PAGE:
They have established a deadline, and made it impossible to register before the deadline expires. I have been trying for for the past week to register, and I always get the message "sorry, our database is overloaded."
I have a powerful suspicion the wool is being pulled over our eyes once again; not by forces of malice, but by the attitude of the people who are running things, who don't feel like the public's inability to participate is really that much of a problem.. And until we let them know that it IS a problem, we have only ourselves to blame for letting that attitude persist. Griping over the morning coffee while reading slashdot will not fix things.
Thanks for listening,
[this message will remain posted at http://www.fullerbecker.com/thoughts_and_words/icann.html -- feel free to forward this email or the URL to anyone you think would be interested.]
See also my letter to ICANN.
For more information on the current state of ICANN, I am including for ease of reading (in case the link is unreachable) the article reproduced below, by Brian Livingston, from Infoworld magazine, which can also be found here: http://www.infoworld.com/articles/op/xml/00/07/24/000724oplivingston.xml - I also recommend Brian's other writings on the subject. His "Windows 2000 Secrets" book is also excellent...
Friday, Jul. 21, 2000 1:01 pm PT Brian Livingston
YOKOHAMA, JAPAN -- The Internet's coordinating body kicked off a new Web gold rush at its July 16 meeting here. But at the same time, it adopted new, restrictive policies that will reduce public involvement.
A timetable for new domain names beyond the existing.com, .net, and .org was approved by the board of the Internet Corporation for Assigned Names & Numbers.
But the ICANN board then set a very high, nonrefundable fee of $50,000 merely to apply to run a "registry server" for any new string. At that exorbitant price, even large universities may hesitate to propose much-needed expansions, such as.info, .home, and so on.
In a major shift of power, the board rewrote ICANN's bylaws, eliminating the requirement that nine out of 19 of its directors be elected by Internet users at large.
Now, instead of guaranteeing that nine directors will be democratically elected, the bylaws state that only five will be elected this year.
This is significant because most of ICANN's 19 interim and appointed directors are involved with for-profit Internet businesses. When the U.S. Department of Commerce contracted with ICANN in 1998, its bylaws "balanced" the directors with financial interests by promising Internet users the right to elect nine out of 19 directors soon.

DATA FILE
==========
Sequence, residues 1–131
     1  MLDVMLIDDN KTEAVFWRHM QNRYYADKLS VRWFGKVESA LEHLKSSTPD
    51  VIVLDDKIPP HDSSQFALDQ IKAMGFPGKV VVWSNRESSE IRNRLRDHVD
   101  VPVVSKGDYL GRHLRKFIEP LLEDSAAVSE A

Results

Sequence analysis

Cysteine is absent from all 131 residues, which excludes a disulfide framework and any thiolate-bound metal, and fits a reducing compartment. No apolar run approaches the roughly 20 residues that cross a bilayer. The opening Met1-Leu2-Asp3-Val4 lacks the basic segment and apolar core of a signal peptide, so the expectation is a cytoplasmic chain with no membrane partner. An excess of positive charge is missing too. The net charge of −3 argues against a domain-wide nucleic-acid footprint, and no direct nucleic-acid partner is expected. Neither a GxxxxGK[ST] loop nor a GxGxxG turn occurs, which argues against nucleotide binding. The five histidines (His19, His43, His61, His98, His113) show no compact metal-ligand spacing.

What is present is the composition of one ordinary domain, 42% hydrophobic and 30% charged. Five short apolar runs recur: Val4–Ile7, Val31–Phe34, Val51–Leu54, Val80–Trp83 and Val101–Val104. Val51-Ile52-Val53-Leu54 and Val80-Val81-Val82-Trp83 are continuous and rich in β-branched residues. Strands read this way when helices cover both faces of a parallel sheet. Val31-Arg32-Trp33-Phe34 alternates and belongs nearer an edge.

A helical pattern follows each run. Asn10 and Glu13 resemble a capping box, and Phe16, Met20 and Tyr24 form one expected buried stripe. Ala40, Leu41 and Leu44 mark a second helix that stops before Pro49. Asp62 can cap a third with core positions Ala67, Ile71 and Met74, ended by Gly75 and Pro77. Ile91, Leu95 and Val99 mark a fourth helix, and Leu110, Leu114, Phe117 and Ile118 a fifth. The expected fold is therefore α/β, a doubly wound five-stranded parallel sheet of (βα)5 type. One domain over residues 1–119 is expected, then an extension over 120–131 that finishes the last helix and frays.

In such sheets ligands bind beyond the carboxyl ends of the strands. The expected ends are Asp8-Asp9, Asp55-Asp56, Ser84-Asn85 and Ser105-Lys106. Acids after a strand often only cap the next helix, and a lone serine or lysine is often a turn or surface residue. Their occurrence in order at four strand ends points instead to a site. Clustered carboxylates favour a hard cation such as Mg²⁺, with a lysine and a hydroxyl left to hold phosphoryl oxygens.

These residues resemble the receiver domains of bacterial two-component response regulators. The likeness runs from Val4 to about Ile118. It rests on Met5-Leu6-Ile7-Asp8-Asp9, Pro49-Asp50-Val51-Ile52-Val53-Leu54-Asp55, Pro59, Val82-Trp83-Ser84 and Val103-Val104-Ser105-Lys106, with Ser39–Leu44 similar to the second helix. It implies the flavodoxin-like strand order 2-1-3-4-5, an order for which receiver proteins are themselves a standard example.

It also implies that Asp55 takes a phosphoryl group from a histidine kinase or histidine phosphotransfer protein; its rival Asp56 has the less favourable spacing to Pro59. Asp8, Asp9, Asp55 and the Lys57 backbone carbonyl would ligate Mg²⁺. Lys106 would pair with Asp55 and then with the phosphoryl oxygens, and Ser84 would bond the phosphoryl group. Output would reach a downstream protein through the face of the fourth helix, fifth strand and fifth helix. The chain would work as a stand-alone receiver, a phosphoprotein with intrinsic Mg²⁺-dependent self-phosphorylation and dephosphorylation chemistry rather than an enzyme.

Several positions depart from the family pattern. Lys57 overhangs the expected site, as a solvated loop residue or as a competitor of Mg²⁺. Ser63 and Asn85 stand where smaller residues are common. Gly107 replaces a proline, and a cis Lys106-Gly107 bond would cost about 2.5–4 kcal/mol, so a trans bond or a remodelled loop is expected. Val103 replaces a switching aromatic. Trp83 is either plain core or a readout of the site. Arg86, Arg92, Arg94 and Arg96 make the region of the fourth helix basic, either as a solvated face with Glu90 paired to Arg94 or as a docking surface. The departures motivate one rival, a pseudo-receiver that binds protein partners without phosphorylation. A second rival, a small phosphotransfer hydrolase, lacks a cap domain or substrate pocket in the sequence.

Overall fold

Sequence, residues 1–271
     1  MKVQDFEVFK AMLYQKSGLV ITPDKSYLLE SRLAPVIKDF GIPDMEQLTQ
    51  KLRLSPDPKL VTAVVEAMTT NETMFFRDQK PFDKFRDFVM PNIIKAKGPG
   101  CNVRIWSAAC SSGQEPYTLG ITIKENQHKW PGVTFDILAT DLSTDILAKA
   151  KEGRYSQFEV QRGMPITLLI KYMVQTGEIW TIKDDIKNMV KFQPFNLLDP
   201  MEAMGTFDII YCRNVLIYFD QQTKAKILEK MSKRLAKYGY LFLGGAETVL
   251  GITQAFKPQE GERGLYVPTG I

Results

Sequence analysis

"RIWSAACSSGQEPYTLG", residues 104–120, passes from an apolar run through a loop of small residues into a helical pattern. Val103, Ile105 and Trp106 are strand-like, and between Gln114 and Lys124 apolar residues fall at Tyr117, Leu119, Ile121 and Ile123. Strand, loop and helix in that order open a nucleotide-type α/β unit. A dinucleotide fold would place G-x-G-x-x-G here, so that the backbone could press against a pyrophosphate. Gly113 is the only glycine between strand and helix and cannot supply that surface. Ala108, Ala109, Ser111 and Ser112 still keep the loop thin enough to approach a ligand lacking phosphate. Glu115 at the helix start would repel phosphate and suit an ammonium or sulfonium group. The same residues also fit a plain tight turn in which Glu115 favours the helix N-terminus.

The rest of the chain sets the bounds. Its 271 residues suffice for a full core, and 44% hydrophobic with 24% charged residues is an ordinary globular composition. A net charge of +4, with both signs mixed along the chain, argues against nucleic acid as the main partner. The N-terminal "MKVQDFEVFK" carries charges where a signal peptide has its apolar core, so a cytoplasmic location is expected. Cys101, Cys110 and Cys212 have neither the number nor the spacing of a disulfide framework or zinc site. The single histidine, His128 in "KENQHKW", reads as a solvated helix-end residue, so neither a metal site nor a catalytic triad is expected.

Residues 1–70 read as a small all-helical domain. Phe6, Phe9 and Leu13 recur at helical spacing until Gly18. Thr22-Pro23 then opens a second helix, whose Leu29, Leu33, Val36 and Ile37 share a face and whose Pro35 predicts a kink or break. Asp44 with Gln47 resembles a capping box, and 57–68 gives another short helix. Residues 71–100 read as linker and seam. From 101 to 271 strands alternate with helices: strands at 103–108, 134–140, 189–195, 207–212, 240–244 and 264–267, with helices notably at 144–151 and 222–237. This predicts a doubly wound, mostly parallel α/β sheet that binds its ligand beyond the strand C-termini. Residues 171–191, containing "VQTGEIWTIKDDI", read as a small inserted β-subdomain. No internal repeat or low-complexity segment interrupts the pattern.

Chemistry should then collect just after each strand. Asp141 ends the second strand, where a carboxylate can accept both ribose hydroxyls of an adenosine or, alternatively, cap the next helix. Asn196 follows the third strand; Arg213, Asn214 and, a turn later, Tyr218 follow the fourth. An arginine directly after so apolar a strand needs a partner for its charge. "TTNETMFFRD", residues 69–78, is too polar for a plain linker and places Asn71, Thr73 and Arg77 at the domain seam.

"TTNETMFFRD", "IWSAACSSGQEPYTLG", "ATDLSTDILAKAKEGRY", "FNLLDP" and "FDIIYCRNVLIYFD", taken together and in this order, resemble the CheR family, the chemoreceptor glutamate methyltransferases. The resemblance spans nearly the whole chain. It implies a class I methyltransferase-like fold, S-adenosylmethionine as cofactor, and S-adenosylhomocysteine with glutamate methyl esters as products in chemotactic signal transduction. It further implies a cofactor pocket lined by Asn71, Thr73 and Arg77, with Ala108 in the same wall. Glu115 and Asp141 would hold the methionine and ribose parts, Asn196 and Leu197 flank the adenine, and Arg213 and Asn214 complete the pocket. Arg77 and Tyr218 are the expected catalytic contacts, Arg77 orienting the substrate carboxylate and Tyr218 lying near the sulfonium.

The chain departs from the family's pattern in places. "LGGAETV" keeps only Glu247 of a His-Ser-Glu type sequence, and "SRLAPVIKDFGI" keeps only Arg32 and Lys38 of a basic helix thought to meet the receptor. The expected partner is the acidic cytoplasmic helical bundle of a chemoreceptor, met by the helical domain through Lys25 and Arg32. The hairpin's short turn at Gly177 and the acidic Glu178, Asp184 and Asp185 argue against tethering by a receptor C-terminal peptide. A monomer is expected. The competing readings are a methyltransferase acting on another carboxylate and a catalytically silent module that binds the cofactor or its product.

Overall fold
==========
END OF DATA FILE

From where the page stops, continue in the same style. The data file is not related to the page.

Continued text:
Instead of honoring this commitment, the 19 currently appointed directors have voted for a study of "whether the ICANN Board should include at-large directors" at all.
Concerned Internet users from around the world testified against the bylaw changes overwhelmingly at a hearing before the board acted.
The European Commission's Christopher Wilkinson, during his testimony, objected that "The board is being extremely cavalier about these changes to the bylaws."
Barbara Simons, past president of the Association for Computing Machinery, said, "not leaving nine in the bylaws will do damage" to public support for ICANN.
In an address at the hearing, even Paul Twomey -- an Australian official who chairs ICANN's Governmental Advisory Committee and is no radical -- issued a warning in remarkably blunt terms (for a diplomat).
ICANN, Twomey said, is in danger of becoming "defined by the supply side: the content owners, the trademark holders, the people who run the registries" -- in other words, becoming just another trade group whose decisions reflect its own financial interests. "The alternative is that it becomes an organization thoroughly focused on the needs of the users, an organization that serves users," Twomey said.
If it's a mere industry association, Twomey concluded, "It would need to realize that governments and consumer organizations would pay much more attention to ICANN over consumer protection and monopoly issues."
Joe Sims, ICANN's legal counsel, defended the board. During the hearing, he alluded to "the problem that the board sees with this kind of an election, in which the at-large members make up half of the board."
The appointed directors decided, Sims said, "that we will solve that problem in the long run by reducing the [elected] at-large members from one-half to less than one-third."